(RNS) — “I don’t get it. My husband and I have been in couples counseling for nine years already, but life at home is getting worse,” says a woman to her clergyperson, her fingers fidgeting with her phone.
“First, the constant sarcasm, then the silent treatment and not knowing what’s really going on with our finances. When he was furloughed last spring, he started throwing things, and one time he started to choke me … ” her voice trails off. “He’s been swearing at the children, too, and smacked the dog on its head, hard, the other day, out of the blue. I don’t know what to do,” she whispers.
Do most clergy know what to tell this woman? Maybe they remember a seminary lecture in which they heard that a couple such as this one shouldn’t be in marriage counseling. Do they suggest the couple stop seeing a therapist together? Maybe they feel the need to hear her partner’s version.
What if the woman’s spouse has recently offered to rig the campus with much-needed technology? What if the congregational leader’s own exhaustion makes them quail at taking on another complicated pastoral situation?
As a congregational rabbi and 12-year member of Jewish Women International’s Clergy Task Force to End Domestic Abuse in the Jewish Community, I know I’m not alone in wanting a smarter way to support families suffering from abuse. The pandemic has spurred greater awareness of risk factors for domestic violence and new thinking about intimate partner violence. Our understanding has become more comprehensive and well-coordinated, more survivor-oriented, more trauma-informed.
That new thinking is amply evident in a report recently released by Jewish Women International titled “Domestic Violence in the Jewish Community,” and based on a yearlong needs assessment of services for survivors within the Jewish community. It offers recommendations that do not shoehorn the needs of survivors into systems that have not been serving them well — civil and criminal justice systems, child welfare systems, government benefits systems, and economic and employment systems.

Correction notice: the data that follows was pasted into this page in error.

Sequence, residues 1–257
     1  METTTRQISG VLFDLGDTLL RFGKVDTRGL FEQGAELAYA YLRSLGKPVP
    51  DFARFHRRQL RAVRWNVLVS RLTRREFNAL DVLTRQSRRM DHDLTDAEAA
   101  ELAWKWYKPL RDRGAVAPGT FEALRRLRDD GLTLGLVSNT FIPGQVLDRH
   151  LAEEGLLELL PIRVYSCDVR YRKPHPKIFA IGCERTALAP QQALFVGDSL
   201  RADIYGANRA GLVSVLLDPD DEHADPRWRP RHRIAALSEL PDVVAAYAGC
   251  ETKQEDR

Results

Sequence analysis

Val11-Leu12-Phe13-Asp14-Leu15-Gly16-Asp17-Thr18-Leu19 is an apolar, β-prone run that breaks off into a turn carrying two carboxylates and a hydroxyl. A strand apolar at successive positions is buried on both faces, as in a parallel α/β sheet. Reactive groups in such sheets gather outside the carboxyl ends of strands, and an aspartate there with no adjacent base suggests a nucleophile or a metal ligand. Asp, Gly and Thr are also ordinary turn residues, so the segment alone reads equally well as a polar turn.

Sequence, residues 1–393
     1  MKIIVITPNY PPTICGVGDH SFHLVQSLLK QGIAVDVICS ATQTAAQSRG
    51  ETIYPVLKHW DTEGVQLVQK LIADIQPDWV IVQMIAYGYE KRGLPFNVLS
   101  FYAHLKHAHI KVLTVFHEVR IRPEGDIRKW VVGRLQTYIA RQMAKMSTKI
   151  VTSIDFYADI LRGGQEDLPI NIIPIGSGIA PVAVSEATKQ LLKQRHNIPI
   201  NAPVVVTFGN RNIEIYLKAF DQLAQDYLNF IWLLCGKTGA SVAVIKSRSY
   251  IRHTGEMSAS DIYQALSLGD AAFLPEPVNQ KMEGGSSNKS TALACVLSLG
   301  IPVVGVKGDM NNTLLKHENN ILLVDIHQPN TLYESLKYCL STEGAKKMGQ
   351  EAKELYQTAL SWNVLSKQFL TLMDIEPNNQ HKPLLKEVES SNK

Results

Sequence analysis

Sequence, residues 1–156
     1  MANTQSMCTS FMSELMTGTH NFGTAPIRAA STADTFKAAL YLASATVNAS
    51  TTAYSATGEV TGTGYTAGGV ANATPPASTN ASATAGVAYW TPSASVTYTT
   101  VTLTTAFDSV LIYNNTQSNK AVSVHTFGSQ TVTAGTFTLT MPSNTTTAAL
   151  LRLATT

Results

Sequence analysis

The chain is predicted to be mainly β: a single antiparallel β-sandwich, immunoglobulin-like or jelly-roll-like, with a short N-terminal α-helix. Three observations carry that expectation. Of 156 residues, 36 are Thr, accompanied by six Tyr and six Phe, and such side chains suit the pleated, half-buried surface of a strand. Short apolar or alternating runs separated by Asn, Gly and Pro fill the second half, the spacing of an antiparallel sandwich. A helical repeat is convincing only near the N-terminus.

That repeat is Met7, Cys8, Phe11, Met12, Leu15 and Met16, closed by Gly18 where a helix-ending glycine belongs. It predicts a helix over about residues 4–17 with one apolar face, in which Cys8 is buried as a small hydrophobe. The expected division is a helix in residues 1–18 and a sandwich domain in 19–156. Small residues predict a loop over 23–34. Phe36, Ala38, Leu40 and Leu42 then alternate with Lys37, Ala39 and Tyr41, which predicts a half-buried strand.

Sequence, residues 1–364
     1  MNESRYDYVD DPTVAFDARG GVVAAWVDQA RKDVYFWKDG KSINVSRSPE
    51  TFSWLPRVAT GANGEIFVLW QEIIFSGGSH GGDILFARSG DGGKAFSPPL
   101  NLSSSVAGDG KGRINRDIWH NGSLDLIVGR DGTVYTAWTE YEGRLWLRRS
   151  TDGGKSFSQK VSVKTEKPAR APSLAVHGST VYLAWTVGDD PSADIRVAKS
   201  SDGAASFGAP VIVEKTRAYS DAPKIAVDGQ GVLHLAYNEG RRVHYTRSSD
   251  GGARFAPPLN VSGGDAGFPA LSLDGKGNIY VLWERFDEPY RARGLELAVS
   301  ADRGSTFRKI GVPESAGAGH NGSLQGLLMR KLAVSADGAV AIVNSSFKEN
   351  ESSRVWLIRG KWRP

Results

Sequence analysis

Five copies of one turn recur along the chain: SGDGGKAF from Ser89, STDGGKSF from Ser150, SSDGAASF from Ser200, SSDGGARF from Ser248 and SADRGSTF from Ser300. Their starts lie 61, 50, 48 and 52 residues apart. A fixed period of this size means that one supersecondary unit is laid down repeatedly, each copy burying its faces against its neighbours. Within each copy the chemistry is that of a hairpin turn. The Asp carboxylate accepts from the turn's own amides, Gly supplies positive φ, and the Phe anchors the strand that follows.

As the report highlights, survivors seeking help turn first to friends or families, then to clergy. Not a single domestic violence service provider interviewed for the report indicated that survivors turn initially to hotlines/help lines, secular domestic violence programs, medical professionals or law enforcement. Instead, most survivors turn to a trusted community in times of crisis.
Ready or not, clergy are likely to be sought out more frequently by those intent on leaving homes beset by quarantine and quarreling.
While the report addresses questions particularly facing Jewish communities, many of them are relevant to other faith communities.
For instance, if a victim does decide to leave her abuser, can you as clergy help her to stay in the community? What would a trauma-informed response to her suffering look like, such that you do not inadvertently misdirect her into re-traumatizing experiences?
What if she and her children need transitional shelter? Could you recommend, based on firsthand knowledge, where to go? Are you prepared to talk about safety planning? Able to help her name which of the four “stages of change” that those in hurtful or unhealthy situations tend to move through on the way to safety and stability? (The report describes the role of clergy in all four stages: pre-contemplation, contemplation, action, long-term healing and independence.)
Are there resources at hand to offer immediate spiritual nourishment to someone feeling both trapped and full of self-blame for her entrapment? Come to think of it, ever since you heard from the preschool teacher that this congregant’s daughter recently slapped another student to the ground, you’ve noticed a pronounced tic in the daughter’s eye. If she acts out again, what advice will you give her teacher?
This report is meant to jump-start discussions that will lead to culturally specific interventions and robust, innovative partnerships — between clergy and local shelters and between seminaries and local clergy on the front lines, as well as collaborations with real estate investors who could provide long-term housing solutions for those fleeing domestic violence.
Clearly, new thinking about the needs of survivors and new resources to help them are already here. If we clergy are the people with more authority than power, now is the time to lean on that authority to help relocate the very definition of support for the families we serve.
(Rabbi Donna Kirshbaum, who serves Bethlehem Hebrew Congregation in New Hampshire, is chair of the communications committee for Jewish Women International’s Clergy Task Force to End Domestic Abuse in the Jewish Community. The views expressed in this commentary do not necessarily reflect those of Religion News Service.)